The Eritrean vision is to have a majority middle-class population by producing a well-educated workforce. We're laying the foundation vital for socio-economic development by utilizing our own human and material resources. That's what China, Singapore and other self-reliant nations did to reach their dreams of becoming great economic powers. They built roads before they built airports. They educated their people before they put them to work. Some 60 years ago, a Chinese premier visiting Singapore marveled in awe as he watched young Singaporeans assembling transistor radios, digital calculators and watches, as well as many other electronic equipment, jobs that require an educated workforce. The premier returned to China and made education the top priority of his government's policy and, as we all know it, the rest is history.

But that's not to say there weren't a few Chinese who saw new airports in debt-ridden Philippines and wondered why they couldn't have the same in China. Today, however, China is one of the major aid donors to the heavily-indebted Philippines. It's priority, priority, priority!
:oops: :oops: :oops:
I cannot claim to be an expert, but I don't think China waited until it got a majority middle-class soceity before embarking on development. China, even today does not have a majority middle-calss society.

It is one thing to promote social justice (which is basic Eritrean tenet), but another thing to hold development hostage to it. We cannot wait until the last person in the last corner of the country has joined the middle-class before embarking on modernising society. There are people in far off Eritrea who do not have basic hospital services, but that doesn't mean it was wrong to build Orota hospital. And there are people some where in Eritrea who live in tents, was it then misguided priority to build Asmara Palace Hotel or Naqfa House or the different housing projects until every one of these got a proper shelter.

This is not a new debate, there were people who argued it was wrong to send man to the moon, while there were hungry people on earth. We have to multi-task, there has to be a balance between ideology and pragmatic solutions.

Otherwise, it would be like saying government officials shouldn't wear suit until every Eritrean has got decent clothing. Not even in Jesus country would this be practical.

eritrea
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Posts: 1370
Joined: 25 May 2007, 13:45

Re: It was not fun seeing Asosa and Jimma airports more modern than Asmara airport

Post by eritrea » 17 Oct 2020, 16:50

justo wrote:
17 Oct 2020, 12:29
I cannot claim to be an expert, but I don't think China waited until it got a majority middle-class soceity before embarking on development. China, even today does not have a majority middle-calss society.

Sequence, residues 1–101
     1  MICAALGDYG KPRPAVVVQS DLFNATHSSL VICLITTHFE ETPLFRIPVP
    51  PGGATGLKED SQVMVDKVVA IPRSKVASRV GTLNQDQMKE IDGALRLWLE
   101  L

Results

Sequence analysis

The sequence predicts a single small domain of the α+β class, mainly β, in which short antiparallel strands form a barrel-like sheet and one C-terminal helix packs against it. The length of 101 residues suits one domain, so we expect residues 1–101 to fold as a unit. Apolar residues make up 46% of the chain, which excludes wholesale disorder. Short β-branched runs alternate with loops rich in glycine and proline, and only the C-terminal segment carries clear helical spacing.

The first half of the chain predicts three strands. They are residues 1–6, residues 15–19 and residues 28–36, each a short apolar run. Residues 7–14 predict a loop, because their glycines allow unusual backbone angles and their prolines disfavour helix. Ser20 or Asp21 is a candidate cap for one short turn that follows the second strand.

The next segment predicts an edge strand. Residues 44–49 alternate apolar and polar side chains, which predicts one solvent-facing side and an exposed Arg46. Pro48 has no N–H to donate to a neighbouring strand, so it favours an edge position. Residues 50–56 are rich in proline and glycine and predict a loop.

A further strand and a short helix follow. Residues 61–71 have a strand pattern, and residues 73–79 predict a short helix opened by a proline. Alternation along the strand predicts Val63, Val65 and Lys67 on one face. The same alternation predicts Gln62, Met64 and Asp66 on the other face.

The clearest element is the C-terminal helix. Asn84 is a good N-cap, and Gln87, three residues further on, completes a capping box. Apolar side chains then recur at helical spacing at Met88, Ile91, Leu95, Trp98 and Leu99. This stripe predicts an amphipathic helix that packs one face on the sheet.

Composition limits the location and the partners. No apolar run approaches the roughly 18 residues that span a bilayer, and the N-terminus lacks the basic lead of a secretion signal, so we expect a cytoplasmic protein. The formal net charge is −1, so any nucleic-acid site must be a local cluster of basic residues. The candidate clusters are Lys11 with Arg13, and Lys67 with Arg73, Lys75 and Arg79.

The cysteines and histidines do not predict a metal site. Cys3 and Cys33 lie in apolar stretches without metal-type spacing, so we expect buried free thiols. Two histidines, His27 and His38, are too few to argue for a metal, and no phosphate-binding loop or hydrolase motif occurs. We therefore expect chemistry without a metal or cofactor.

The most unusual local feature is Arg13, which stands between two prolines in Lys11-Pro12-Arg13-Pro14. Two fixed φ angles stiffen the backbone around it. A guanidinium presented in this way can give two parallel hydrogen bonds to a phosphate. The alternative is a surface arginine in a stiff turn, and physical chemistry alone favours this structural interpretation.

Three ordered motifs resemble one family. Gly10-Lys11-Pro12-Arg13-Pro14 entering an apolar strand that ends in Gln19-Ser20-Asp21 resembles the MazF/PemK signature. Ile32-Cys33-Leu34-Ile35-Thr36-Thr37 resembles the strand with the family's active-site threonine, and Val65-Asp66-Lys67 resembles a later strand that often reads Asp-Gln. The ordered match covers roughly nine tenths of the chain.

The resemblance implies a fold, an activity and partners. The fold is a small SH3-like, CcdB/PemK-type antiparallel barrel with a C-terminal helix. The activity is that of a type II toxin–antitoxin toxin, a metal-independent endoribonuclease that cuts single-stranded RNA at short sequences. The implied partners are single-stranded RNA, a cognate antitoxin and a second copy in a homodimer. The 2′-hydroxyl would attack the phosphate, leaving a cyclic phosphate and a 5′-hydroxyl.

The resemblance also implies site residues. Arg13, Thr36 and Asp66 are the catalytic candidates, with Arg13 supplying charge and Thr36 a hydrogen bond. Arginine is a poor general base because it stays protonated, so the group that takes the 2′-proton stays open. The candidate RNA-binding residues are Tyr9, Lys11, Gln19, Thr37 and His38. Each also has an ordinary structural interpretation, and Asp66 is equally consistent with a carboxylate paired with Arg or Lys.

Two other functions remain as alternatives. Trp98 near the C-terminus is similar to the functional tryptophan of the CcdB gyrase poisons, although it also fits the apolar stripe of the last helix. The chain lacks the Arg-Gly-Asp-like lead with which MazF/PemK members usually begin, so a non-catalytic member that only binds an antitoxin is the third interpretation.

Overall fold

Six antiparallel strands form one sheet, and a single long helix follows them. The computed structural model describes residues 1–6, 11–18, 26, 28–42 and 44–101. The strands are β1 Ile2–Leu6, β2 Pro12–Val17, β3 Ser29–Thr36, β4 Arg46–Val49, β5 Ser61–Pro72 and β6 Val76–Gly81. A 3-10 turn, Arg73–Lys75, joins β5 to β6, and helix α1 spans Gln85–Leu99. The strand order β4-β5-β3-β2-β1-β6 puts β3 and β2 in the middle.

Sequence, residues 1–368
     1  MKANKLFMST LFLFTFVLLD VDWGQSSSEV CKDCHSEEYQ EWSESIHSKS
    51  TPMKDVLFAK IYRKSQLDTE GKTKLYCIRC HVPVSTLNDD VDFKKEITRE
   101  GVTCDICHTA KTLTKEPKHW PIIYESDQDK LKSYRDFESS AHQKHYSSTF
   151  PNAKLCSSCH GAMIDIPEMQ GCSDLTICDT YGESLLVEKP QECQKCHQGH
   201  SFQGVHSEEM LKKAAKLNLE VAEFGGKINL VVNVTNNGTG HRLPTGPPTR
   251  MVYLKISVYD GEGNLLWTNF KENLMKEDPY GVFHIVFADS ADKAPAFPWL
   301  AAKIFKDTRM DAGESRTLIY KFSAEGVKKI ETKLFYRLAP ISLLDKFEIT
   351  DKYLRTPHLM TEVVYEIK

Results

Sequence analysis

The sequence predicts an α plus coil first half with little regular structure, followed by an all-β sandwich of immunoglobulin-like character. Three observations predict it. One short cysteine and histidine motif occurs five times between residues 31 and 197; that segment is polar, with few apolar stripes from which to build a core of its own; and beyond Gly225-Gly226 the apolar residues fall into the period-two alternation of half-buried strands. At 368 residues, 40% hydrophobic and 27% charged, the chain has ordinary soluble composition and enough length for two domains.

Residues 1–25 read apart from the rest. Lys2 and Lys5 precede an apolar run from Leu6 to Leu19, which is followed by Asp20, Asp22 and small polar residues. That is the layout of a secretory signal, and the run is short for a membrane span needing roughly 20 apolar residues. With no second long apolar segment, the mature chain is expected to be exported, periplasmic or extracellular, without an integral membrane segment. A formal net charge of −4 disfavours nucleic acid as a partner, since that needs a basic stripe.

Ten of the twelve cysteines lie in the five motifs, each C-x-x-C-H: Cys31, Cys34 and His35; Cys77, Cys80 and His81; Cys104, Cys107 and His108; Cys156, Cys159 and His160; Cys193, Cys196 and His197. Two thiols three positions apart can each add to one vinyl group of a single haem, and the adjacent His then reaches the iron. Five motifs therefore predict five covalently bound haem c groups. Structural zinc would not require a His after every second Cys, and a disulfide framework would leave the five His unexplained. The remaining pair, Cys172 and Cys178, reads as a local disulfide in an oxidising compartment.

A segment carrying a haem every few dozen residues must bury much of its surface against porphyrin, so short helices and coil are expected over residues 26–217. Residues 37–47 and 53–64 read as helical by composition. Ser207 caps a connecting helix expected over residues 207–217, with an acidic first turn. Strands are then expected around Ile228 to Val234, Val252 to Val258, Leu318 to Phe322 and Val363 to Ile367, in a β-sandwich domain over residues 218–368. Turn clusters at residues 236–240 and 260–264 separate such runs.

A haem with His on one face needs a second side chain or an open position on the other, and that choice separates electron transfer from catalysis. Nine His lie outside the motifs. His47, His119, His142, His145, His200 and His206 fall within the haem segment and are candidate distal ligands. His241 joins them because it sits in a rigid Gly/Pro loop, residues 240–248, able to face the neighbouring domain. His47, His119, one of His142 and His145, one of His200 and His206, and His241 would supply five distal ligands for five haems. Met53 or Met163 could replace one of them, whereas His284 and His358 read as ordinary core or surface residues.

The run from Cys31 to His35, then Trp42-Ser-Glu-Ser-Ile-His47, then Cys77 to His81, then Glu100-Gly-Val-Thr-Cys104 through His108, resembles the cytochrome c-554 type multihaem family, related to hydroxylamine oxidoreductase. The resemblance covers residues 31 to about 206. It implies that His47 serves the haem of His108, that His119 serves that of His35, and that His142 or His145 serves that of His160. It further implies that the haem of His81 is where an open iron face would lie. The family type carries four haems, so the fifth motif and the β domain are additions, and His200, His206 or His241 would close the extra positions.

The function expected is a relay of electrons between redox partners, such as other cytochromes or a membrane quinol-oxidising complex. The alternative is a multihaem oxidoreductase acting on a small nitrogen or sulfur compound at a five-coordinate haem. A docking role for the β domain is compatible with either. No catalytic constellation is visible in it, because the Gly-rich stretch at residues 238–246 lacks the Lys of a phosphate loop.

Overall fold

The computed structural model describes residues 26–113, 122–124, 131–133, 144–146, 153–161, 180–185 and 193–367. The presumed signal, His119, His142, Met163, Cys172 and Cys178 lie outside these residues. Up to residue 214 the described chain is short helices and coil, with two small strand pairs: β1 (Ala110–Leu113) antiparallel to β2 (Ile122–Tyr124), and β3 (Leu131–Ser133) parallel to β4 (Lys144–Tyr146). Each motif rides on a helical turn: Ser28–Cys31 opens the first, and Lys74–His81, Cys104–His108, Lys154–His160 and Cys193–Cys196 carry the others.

It is one thing to promote social justice (which is basic Eritrean tenet), but another thing to hold development hostage to it. We cannot wait until the last person in the last corner of the country has joined the middle-class before embarking on modernising society. There are people in far off Eritrea who do not have basic hospital services, but that doesn't mean it was wrong to build Orota hospital. And there are people some where in Eritrea who live in tents, was it then misguided priority to build Asmara Palace Hotel or Naqfa House or the different housing projects until every one of these got a proper shelter.

This is not a new debate, there were people who argued it was wrong to send man to the moon, while there were hungry people on earth. We have to multi-task, there has to be a balance between ideology and pragmatic solutions.

Otherwise, it would be like saying government officials shouldn't wear suit until every Eritrean has got decent clothing. Not even in Jesus country would this be practical.
I can't tell you how proud you made me today because you showed your inner desire and wish for you country and people and officially aknowledged what your soul having been knocking you all this time. 30 years of honeymoon and the time of being taken forgrantted is over any more.



Deqi-Arawit
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Re: It was not fun seeing Asosa and Jimma airports more modern than Asmara airport

Post by Deqi-Arawit » 17 Oct 2020, 17:38

justo wrote:
16 Oct 2020, 23:01
Isiaias visited Jimma and Asosa and on the news videos we could see that Asosa and Jimma airports seemed to be more modern than Asmara airport. There is absolutely no excuse for this. Isaias has to work to transform and modernise Eritrea, and this means modern facilities everywhere including the cities. He has no time to waste in this and development projects in far-off regions are no substitutes for this.